• Accessibility: It goes without saying that if a resource is inaccessible to someone with learning differences or disabilities they cannot engage. When designing resources it is worth referring to guidance both generally and specifically from the digital accessibility hub.  

For live, online sessions

Whether you are using Zoom, Teams or another tool for live sessions online a key principle is to not see this as ‘delivery’ time.  

Cycle of disconnection in live online sessions

The best place to break this cycle is right at the start (of the year and every session) by including opportunities for interaction and engagement. If possible, being in the online space ahead of the scheduled time and making sure students know you will be there, is a great opportunity to support the emotional and behavioural engagement of students.

Actively plan questions, or make observations or offer something unrelated or tangential to the topic to stimulate interest. 

If you have set a pre-session activity, it’s a chance to display input and give early arrivals something to ponder, compare to their own responses or to quickly do (because they ‘forgot’!).  

Setting expectations early on is important to establish a ‘norm’, especially regarding sensitive issues like cameras on/off. Whilst you should never insist on cameras on, as you can never know individual students' contexts, nonetheless research suggests that most students leave their cameras off only because they are concerned about their own appearance, or because they are in a shared space which others are also using (Castelli & Sarvary, 2021). The norm becomes cameras off, and this then persists.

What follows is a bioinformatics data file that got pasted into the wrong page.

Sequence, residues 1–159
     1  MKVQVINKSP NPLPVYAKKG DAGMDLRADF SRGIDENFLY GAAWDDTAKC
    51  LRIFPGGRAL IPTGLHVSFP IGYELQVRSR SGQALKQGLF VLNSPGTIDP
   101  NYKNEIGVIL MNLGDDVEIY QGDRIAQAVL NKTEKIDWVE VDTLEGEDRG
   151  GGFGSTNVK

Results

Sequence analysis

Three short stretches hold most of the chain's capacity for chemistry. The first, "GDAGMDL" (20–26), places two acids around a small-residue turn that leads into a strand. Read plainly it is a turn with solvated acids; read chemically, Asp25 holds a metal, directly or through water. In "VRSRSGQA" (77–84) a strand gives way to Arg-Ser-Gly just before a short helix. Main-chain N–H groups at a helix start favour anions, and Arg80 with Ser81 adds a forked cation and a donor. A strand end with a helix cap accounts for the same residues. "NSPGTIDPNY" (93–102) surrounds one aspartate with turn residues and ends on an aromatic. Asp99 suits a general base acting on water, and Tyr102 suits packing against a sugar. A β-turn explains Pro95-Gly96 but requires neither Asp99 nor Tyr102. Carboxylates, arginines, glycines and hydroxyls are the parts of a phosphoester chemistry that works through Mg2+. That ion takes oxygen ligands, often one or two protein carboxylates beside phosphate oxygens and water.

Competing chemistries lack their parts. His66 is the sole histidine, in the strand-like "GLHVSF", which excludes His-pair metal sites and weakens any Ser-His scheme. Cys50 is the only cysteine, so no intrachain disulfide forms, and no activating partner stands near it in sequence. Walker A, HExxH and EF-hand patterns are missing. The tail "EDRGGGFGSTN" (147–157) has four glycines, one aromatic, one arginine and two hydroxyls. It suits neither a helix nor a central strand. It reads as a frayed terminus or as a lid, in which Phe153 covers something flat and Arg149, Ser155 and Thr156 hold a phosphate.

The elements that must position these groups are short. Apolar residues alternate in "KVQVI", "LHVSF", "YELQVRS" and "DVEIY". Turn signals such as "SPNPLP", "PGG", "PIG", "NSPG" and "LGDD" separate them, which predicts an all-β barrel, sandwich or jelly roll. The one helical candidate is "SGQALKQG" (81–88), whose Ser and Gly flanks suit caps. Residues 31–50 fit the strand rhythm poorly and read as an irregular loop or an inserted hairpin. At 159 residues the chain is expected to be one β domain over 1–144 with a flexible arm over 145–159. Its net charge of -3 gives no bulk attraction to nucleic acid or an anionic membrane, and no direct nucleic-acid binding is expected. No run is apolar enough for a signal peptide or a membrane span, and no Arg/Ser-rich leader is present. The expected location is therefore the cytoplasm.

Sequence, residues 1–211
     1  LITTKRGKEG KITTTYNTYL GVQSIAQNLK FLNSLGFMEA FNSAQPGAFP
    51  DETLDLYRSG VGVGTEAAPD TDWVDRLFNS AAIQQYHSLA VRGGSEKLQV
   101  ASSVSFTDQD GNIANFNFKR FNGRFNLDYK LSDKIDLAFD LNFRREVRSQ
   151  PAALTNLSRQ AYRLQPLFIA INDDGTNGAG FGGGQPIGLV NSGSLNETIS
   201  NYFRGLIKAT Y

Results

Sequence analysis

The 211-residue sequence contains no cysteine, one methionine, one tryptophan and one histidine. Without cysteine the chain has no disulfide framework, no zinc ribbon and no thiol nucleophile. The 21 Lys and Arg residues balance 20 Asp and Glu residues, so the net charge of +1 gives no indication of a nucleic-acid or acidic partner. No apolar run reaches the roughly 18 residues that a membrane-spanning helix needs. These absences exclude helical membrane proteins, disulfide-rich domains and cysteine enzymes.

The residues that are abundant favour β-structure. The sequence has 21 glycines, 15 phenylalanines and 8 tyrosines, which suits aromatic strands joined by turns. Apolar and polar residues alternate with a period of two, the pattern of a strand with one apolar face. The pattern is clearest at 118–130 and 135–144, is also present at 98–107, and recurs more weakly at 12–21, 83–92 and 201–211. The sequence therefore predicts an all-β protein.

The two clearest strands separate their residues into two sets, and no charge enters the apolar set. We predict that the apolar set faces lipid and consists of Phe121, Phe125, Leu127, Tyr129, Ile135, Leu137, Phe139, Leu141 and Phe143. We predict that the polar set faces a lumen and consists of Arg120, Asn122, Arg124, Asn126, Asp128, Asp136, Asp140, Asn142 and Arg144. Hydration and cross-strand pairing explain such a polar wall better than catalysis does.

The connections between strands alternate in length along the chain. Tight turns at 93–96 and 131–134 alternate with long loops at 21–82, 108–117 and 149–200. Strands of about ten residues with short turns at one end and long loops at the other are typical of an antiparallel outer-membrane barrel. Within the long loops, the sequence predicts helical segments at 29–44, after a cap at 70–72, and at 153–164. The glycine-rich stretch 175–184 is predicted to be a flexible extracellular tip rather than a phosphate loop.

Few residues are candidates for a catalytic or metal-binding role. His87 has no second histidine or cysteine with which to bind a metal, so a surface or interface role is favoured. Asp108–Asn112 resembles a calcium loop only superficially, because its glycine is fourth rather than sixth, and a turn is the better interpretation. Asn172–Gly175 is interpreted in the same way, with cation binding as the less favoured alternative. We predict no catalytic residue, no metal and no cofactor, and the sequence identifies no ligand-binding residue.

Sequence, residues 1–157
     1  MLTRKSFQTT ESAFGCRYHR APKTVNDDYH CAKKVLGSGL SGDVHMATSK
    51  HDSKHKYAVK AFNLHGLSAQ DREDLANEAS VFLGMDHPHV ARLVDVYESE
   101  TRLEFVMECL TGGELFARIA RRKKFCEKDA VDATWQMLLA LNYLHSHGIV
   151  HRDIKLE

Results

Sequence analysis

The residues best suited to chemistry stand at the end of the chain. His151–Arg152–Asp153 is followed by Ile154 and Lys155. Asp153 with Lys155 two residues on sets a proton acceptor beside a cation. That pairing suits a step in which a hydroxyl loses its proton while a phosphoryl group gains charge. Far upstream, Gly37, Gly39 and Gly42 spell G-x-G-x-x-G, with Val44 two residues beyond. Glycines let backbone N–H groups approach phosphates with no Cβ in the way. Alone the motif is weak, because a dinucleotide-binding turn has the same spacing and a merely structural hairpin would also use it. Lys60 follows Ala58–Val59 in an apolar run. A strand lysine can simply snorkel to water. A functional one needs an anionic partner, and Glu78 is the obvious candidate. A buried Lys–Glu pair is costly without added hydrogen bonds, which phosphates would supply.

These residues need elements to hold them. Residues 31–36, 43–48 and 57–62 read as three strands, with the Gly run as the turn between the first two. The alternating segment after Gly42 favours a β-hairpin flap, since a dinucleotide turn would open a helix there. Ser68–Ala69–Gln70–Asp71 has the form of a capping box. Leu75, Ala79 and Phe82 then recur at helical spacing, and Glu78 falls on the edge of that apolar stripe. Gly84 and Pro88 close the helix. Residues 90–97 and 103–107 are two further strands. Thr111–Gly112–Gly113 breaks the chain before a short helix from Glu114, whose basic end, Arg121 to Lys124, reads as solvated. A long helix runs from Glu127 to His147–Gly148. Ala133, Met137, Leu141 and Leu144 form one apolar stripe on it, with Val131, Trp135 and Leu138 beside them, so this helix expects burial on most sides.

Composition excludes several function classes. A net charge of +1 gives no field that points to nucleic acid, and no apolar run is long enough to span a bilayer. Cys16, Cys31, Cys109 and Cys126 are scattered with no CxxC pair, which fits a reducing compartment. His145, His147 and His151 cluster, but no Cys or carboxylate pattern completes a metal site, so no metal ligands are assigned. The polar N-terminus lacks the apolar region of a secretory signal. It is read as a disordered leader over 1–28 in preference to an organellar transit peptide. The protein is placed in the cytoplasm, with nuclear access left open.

Ideally, the session will be built around discussion, application or practice and will build on the resources and activities you have used to frame and the live event. Tools that you can use to support this include:  

  • Your UCL Mentimeter account which is a place students can go to contribute thoughts, answer questions or provide insights. It works well for both asynchronous and synchronous interactions and, indeed, bridging the two. For example, you might choose to send a Mentimeter link ahead of a session, then close the voting just before the session then display the results and use that as a prompt for the in-session discussion. Alternatively (though harder to manage for both lecturer and student) is to run a live poll in-session as a way of engaging a wider number of students than those confident enough to turn on mics and cameras at the start.  

  • Teams, Zoom and Collaborate all offer simple in-app polling tools as an alternative or, even simpler, pose a question and ask all students to drop a yes/ no/ don’t know/ ambivalent type response into the chat. 

  • All these tools also offer breakout spaces and but, as with effective group work in a face to face setting, what they will do needs planning and the instructions need to be clear. This article offers detailed, practical guidance on using breakout spaces.  

  • As part of a breakout activity, you could use a Jamboard collaborative space  or equivalent to give a visible focal point to discussions and provide an shareable output of the discussions.  

  • Alternatively, use Moodle Hot Questions in live sessions as described by Dr Rebecca Yerwoth to encourage anonymous contributions that can be discussed and voted on by students.  

  • Those Faculties with access to social annotation software (Talis Elevate and Hypothes.is) can use these to create engagement with texts. By asking questions within images, videos and texts discussions can take place either in a seminar or outside face to face teaching time.  Those who have used it have reported a higher engagement with readings across the term.